// modified image will be displayed
          // along with the original image.

        }catch(Exception e){
          System.out.println(e);
        }//end catch

      }//end if statement on grabPixels
      else System.out.println(
                    "Pixel grab not successful");
    }catch(InterruptedException e){
      e.printStackTrace();
    }//end catch

    //Cause the composite of the frame, the
    // canvas, and the button to become visible.
    this.setVisible(true);
    //=========================================//

    //Anonymous inner class listener to terminate
    // program.
    this.addWindowListener(
      new WindowAdapter(){
        public void windowClosing(WindowEvent e){
          System.exit(0);//terminate the program
        }//end windowClosing()
      }//end WindowAdapter
    );//end addWindowListener
    //=========================================//

  }//end constructor
  //===========================================//

  //Inner class for canvas object on which to
  // display the two images.
  class Display extends Canvas{
    //Override the paint method to display both
    // the rawImg and the modImg on the same
    // Canvas object, separated by one row of
    // pixels in the background color.
    public void paint(Graphics g){
      //First confirm that the image has been
      // completely loaded and neither image
      // reference is null.
      if (tracker.statusID(1, false) ==
                          MediaTracker.COMPLETE){
        if((rawImg != null) &&
                               (modImg != null)){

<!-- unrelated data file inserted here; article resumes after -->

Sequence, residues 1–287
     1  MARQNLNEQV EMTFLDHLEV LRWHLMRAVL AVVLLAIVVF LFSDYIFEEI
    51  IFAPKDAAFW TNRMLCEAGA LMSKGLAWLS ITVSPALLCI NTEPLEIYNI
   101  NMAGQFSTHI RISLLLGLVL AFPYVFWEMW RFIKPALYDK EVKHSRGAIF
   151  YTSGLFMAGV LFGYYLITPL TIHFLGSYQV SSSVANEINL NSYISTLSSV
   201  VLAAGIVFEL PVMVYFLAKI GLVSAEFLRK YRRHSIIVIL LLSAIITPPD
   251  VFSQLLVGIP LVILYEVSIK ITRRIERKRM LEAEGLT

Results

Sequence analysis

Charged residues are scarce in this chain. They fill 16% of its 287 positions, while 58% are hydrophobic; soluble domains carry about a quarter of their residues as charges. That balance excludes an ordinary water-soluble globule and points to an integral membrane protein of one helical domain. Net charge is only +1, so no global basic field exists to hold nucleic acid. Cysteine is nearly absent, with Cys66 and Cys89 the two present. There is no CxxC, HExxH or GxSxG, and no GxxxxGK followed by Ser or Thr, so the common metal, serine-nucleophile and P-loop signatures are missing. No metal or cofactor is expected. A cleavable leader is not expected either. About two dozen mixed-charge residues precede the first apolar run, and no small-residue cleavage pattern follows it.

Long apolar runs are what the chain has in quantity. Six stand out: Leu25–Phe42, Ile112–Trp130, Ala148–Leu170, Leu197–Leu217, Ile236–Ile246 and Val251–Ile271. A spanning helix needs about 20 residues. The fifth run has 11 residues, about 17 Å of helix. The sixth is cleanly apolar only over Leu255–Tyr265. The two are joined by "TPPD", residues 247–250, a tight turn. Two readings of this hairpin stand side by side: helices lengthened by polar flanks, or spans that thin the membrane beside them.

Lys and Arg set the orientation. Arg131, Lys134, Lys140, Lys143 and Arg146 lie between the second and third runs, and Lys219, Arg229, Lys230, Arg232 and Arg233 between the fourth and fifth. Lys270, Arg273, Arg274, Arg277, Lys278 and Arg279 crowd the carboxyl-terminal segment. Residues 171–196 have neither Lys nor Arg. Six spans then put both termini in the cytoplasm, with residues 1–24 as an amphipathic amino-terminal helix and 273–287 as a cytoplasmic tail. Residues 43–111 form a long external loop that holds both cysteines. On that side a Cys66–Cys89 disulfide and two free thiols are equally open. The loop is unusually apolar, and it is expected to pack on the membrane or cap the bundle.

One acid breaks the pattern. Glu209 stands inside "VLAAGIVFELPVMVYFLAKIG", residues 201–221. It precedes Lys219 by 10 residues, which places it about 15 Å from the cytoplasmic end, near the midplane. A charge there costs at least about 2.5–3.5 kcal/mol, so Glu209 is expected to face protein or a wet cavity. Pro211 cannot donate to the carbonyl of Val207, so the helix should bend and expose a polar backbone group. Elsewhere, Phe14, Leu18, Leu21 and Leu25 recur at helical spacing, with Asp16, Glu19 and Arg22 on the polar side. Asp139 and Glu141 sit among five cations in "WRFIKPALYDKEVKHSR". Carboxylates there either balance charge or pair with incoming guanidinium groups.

g.drawImage(rawImg,0,0,this);
          g.drawImage(modImg,0,imgRows + 1,this);
        }//end if
      }//end if
    }//end paint()
  }//end class myCanvas
//=============================================//

  //Save pixel values as type int to make
  // arithmetic easier later.

  //The purpose of this method is to convert the
  // data in the int oneDPix array into a 3D
  // array of ints.
  //The dimensions of the 3D array are row,
  // col, and color in that order.
  //Row and col correspond to the rows and
  // columns of the image.  Color corresponds to
  // transparency and color information at the
  // following index levels in the third
  // dimension:
  // 0 alpha
  // 1 red
  // 2 green
  // 3 blue
  // The structure of this code is determined by
  // the way that the pixel data is formatted
  // into the 1D array of ints produced by the
  // grabPixels method of the PixelGrabber
  // object.
  int[][][] convertToThreeDim(
          int[] oneDPix,int imgCols,int imgRows){
    //Create the new 3D array to be populated
    // with color data.
    int[][][] data =
                    new int[imgRows][imgCols][4];

    for(int row = 0;row < imgRows;row++){
      //Extract a row of pixel data into a
      // temporary array of ints
      int[] aRow = new int[imgCols];
      for(int col = 0; col < imgCols;col++){
        int element = row * imgCols + col;
        aRow[col] = oneDPix[element];
      }//end for loop on col

      //Move the data into the 3D array.  Note
      // the use of bitwise AND and bitwise right
      // shift operations to mask all but the
      // correct set of eight bits.
      for(int col = 0;col < imgCols;col++){
        //Alpha data
        data[row][col][0] = (aRow[col] >> 24)
                                          & 0xFF;
        //Red data
        data[row][col][1] = (aRow[col] >> 16)
                                          & 0xFF;
        //Green data
        data[row][col][2] = (aRow[col] >> 8)
                                          & 0xFF;
        //Blue data
        data[row][col][3] = (aRow[col])
                                          & 0xFF;
      }//end for loop on col
    }//end for loop on row
    return data;
  }//end convertToThreeDim